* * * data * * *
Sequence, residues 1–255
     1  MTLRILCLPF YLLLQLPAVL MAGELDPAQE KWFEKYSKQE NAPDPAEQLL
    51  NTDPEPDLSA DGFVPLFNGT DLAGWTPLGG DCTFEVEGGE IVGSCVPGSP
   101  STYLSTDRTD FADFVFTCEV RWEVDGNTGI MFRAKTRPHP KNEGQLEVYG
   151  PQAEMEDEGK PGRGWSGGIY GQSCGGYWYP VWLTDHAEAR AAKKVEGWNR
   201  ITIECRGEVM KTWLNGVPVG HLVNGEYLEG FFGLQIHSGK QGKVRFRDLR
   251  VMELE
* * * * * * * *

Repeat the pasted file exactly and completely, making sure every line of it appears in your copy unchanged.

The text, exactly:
Sequence, residues 1–255
     1  MTLRILCLPF YLLLQLPAVL MAGELDPAQE KWFEKYSKQE NAPDPAEQLL
    51  NTDPEPDLSA DGFVPLFNGT DLAGWTPLGG DCTFEVEGGE IVGSCVPGSP
   101  STYLSTDRTD FADFVFTCEV RWEVDGNTGI MFRAKTRPHP KNEGQLEVYG
   151  PQAEMEDEGK PGRGWSGGIY GQSCGGYWYP VWLTDHAEAR AAKKVEGWNR
   201  ITIECRGEVM KTWLNGVPVG HLVNGEYLEG FFGLQIHSGK QGKVRFRDLR
   251  VMELE